How Do You Tolerate Anticipated Physical Pain?

One of the most intense scenes in the movie Fight Club involves Brad Pitt using homemade soap materials to burn a permanent scar into Edward Norton’s hand. Norton’s character tries to escape the pain through meditation, but Pitt forces him to stay with the pain.

I was reminded of this scene today during my latest laser hair treatment. It was my fourth visit, and the specialist has increased the power level of the laser each time. At today’s level, it felt like static electricity shocks, dozens of them every few seconds.

In previous visits, I’ve simply tried to distract myself by thinking about game design–anything to keep me occupied. Essentially, I tried to daydream while someone was stinging me in the neck. It worked on those visits, but with the increased power level, it wasn’t as effective today.

So I tried Pitt’s version of fully experiencing each shock, envisioning myself inside of it, ridding myself of pesky ingrown hairs. That worked okay, though I was still eager for it to end.

At the end of the appointment, I bought a numbing gel to apply next month when I return. I’ve resisted using it so far, but the specialist is going up to the highest power level, and I’m not sure I have the mental fortitude to handle the increase.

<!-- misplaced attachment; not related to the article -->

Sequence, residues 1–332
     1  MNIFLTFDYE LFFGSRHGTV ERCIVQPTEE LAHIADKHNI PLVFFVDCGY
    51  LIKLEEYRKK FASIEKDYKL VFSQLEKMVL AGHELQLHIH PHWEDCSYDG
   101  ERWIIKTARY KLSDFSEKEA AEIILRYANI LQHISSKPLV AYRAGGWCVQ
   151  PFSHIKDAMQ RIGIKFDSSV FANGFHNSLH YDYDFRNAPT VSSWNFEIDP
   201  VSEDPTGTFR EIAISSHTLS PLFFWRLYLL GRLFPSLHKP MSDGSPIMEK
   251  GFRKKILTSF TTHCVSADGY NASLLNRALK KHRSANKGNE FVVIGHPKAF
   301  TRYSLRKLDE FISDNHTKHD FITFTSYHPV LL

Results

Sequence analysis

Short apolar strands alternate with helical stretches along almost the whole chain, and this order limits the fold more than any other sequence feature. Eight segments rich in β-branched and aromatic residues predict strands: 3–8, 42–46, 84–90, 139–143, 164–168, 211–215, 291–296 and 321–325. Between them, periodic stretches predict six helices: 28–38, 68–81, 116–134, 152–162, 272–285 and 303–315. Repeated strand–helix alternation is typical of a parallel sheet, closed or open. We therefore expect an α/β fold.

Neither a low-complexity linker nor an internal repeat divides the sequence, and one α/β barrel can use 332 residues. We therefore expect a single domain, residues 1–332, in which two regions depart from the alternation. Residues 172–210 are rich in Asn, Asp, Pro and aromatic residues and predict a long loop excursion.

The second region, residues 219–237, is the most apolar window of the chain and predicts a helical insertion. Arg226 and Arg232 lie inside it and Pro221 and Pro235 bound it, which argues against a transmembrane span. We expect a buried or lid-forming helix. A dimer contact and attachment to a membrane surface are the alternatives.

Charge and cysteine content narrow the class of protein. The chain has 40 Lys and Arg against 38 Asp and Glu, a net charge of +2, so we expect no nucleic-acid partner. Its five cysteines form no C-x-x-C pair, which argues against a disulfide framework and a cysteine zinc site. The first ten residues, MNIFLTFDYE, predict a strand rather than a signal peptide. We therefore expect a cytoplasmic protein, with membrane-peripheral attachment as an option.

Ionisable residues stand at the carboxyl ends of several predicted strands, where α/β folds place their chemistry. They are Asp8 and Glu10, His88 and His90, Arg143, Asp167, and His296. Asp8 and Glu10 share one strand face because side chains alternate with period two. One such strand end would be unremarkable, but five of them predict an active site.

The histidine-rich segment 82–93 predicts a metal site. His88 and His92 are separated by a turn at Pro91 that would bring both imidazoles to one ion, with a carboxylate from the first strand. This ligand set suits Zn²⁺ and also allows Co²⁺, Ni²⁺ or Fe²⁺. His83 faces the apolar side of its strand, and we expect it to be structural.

Do you have any mental tricks or tips for handling incoming, anticipated physical pain?


4 Responses to “How Do You Tolerate Anticipated Physical Pain?”

  1. Candy Mercer says:

    As a chronic pain patient my perspective is a little different, but the same I think could work. Whenever my pain is really bad, like past being able to be distracted, even by games, (though there is some scientific proof coming out that games actually BLOCK pain impulses by overriding them in signal processing), I just know that it will be over. It is not going to last. And there is something to be said for going into your pain.

    What you need to watch out for is the emotional response, the suffering part. It does make things worse. I am not above some self pity, but I really try to limit it, as that type of focus is just not helpful.

    So I might suggest a handheld game or a game on your phone both for pain, and suffering.

    And there is no shame in not wanting to tough out pain. People, like athletes, who work with deep pain, also have that higher calling adrenaline, pain suppressing stuff going on. As well as meds. But living with pain is not heroic. Pain hurts. If you can avoid pain, you should, and don’t feel bad or guilty. A goal, through man’s history, was to find ways to deal with pain. We now have those options. Don’t live all medieval!

    BTW, when I get deep injections, my doctor and I talk gaming. My doctor is a GAMER!!!

    • Jamey Stegmaier says:

      Thanks for these recommendations, Candy! That’s really neat to know about the power of games. And that’s a good point about not wanting to tough out pain. I think it was more about me not wanting to spend the $5 on numbing cream. šŸ™‚

  2. Jill says:

    I’ve had laser hair removal as well about 23947928347 tattoos. When I’m anticipating pain, I tell myself it’s temporary and I can stop it at anytime (which is true of both laser hair removal and tattoos). I also have the ability to tell myself that I’m not actually feeling anything and the pain dissipates. These are both optional pains, so I’m not sure if this translates well into pain I have no control over.

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